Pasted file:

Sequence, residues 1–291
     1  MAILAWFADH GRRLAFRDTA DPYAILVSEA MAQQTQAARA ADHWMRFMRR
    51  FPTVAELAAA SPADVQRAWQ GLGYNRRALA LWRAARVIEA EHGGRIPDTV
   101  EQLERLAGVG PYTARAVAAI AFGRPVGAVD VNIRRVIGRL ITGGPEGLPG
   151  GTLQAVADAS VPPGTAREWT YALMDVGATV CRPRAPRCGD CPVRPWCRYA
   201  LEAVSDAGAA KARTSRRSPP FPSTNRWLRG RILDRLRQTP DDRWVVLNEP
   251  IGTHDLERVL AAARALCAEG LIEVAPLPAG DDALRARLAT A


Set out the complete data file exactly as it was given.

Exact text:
Sequence, residues 1–291
     1  MAILAWFADH GRRLAFRDTA DPYAILVSEA MAQQTQAARA ADHWMRFMRR
    51  FPTVAELAAA SPADVQRAWQ GLGYNRRALA LWRAARVIEA EHGGRIPDTV
   101  EQLERLAGVG PYTARAVAAI AFGRPVGAVD VNIRRVIGRL ITGGPEGLPG
   151  GTLQAVADAS VPPGTAREWT YALMDVGATV CRPRAPRCGD CPVRPWCRYA
   201  LEAVSDAGAA KARTSRRSPP FPSTNRWLRG RILDRLRQTP DDRWVVLNEP
   251  IGTHDLERVL AAARALCAEG LIEVAPLPAG DDALRARLAT A